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The Food Medic: Tips on how to reduce free sugars in the diet

6th Jan 2019

 

You might be thinking, hey, why all the fuss about reducing sugars? First things first, sugar is not poisonous or toxic, nor is it uniquely to blame for obesity or poor health. However, we could generally do with consuming less “free” sugars. The Scientific Advisory Committee on Nutrition (SACN), a committee of independent experts that advises the Government on nutrition issues, recommends that the average intake of FREE sugars should not exceed 5% of total dietary energy intake, as they can contribute to excess calories in our diet and tooth decay. But what are free sugars and how might we limit our intake?

 

Free sugars includes sugars added to food and drinks by the manufacturer, cook or consumer, but also includes ‘natural sugars’ found in honey, syrups and juices. These are sugars we generally need to eat less of as they can contribute to excess calories in our diet and tooth decay. Sugars found in fruit and vegetables, grains and cereals, or lactose naturally present in milk and dairy products are not included in this.

 

How can I cut down my consumption of free sugars?

 

Most of the free sugars we consume come from sugars that we add to food and drink, including fizzy drinks and juices, jams and condiments, biscuits, pastries and cakes. There’s no need to totally avoid these foods completely, but you can reduce the amount of free sugars in your diet by basing your meals on fibre-rich, carbohydrates such as brown rice and sweet potatoes, protein-rich beans and pulses, essential fatty acids from oily fish and flaxseed, and a variety of colourful fruit and vegetables, such as berries and leafy greens.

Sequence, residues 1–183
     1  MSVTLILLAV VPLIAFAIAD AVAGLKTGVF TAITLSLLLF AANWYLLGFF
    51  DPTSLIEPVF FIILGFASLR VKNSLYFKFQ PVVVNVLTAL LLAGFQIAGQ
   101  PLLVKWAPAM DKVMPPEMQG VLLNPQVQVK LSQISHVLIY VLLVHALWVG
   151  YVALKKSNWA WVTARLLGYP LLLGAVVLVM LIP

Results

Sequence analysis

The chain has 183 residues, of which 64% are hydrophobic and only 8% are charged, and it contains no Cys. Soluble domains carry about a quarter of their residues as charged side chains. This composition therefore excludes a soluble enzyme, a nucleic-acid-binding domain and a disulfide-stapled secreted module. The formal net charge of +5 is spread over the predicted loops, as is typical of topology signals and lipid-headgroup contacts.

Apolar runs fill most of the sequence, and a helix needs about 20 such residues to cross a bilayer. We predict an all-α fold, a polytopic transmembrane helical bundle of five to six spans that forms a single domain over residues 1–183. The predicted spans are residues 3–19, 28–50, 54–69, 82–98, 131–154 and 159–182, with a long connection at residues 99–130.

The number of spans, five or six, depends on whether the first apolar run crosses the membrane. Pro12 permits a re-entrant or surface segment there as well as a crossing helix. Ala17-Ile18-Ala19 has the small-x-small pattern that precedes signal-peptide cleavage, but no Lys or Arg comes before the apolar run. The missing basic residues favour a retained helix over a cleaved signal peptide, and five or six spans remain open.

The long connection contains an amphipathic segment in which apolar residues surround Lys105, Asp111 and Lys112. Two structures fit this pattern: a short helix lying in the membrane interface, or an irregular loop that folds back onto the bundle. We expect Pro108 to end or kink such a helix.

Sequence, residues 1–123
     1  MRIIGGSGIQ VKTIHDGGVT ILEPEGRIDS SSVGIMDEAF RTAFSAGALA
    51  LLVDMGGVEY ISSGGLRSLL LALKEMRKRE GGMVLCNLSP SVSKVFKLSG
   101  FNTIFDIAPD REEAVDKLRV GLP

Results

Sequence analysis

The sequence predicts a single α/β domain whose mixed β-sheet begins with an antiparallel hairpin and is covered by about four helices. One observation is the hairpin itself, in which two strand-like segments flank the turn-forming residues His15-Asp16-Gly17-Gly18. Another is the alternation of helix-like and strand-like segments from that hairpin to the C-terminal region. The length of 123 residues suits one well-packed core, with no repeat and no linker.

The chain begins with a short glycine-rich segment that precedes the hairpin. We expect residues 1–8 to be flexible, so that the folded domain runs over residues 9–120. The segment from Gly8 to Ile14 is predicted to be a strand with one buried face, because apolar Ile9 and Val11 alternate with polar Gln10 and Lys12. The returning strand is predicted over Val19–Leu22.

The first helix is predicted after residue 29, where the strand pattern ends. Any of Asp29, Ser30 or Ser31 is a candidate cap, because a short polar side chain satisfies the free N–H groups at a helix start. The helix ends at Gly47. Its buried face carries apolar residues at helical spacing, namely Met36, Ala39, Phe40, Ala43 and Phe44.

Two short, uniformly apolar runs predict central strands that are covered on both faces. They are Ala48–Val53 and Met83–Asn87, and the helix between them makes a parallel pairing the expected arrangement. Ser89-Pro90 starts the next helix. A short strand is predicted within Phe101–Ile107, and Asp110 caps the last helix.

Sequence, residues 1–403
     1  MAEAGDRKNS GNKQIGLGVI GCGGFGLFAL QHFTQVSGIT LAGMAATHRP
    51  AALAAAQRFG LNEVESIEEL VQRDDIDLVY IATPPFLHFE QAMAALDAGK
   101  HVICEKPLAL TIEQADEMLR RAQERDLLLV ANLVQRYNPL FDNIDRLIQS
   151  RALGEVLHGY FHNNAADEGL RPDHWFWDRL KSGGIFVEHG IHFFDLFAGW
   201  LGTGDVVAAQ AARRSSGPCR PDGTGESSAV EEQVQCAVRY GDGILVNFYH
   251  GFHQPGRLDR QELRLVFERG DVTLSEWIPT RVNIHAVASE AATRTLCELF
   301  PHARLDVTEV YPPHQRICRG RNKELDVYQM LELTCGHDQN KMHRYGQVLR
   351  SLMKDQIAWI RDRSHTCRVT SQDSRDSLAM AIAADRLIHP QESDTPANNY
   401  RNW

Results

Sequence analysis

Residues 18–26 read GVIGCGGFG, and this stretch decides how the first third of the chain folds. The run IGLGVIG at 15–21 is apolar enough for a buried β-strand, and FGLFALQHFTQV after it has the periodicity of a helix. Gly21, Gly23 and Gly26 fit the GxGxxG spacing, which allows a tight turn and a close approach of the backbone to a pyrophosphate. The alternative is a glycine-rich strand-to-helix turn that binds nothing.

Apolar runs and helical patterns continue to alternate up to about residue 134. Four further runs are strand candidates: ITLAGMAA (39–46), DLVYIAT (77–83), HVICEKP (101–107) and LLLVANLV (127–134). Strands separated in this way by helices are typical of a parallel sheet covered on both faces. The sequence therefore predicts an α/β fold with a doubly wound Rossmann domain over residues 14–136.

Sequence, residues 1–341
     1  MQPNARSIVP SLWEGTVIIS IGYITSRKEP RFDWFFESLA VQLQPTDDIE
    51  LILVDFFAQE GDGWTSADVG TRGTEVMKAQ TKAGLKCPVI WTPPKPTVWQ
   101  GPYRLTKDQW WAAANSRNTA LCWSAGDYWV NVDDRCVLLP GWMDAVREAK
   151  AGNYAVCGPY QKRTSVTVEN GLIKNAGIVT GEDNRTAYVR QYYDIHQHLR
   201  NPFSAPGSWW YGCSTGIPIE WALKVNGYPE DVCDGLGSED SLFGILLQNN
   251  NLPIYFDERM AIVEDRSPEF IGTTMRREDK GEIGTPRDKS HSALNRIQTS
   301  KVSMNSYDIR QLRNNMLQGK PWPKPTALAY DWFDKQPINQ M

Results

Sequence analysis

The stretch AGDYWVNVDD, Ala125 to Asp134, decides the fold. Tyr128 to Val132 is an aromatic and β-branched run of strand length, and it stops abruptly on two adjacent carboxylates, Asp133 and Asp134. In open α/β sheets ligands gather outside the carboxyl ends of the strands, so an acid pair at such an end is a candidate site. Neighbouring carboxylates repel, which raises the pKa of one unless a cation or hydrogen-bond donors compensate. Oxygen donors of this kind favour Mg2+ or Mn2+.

Here are some helpful suggestions:

 

  1. Make your own chia jam - Although there is nothing quite like old fashioned jam, it does contain quite a lot of added sugar, which isn’t great for our teeth or health if we eat too much of it. Chia seed jam is a quick, low-sugar alternative to regular jam. All you need is a punnet of berries and a tablespoon of chia seeds -  You can whip this up in 5 minutes and have an incredible, homemade jam in your fridge for up to 2 weeks! 

Simply stew in a pot with 2 tablespoons of water over a medium heat. Cook until the fruit breaks down and becomes syrupy, 5 to 10 minutes. Mash the berries with the back of a wooden spoon and stir in the chia seeds. Cook for another 2-3 minutes then remove from heat and let stand 5 minutes, until thickened. If you’d like a thicker consistency, especially with very juicy fruits, stir in more chia seeds 1 teaspoon at a time. Once the jam has cooled to room temperature, transfer it to a jar.

 

  1. Many breakfast cereals are quite high in sugar, including those marketed to be “healthier” options. One way to reduce your sugar intake at breakfast time is to swap to lower-sugar cereals such as plain porridge oats. You can make it just as, if not more, satisfying and delicious by jazzing it up with some warm berries, cinnamon and chopped nuts.

 

  1. Smart snacking - despite their healthy image, many cereal bars and “energy” balls are often pretty high in sugar and fat. Instead of trying to navigate the snack aisle, plan ahead and make your own snacks to take with you - it’s also a great way to save money. How about your own DIY trail mix made with a small handful of chopped nuts, fresh berries, and a square or two of dark chocolate roughly chopped?

 

  1. A large proportion of the added sugar in our diets comes from sugar sweetened beverages such as fizzy drinks and juices. If swapping to water isn’t something you feel particularly excited about, you could try flavoring it with a herbal tea bag, a handful of chopped strawberries or cucumber, or simply just mint.

 

  1. Surprisingly for some, there are also some sugar added to savoury foods - what some people call “hidden sugars” - such as in; condiments, sauces, and ready meals. This is usually to improve taste and texture but it can mean you’re consuming some extra sugar. By making your own sauces at home, and cooking from scratch as much as possible, you are likely to reduce the amount of added sugar in your meals.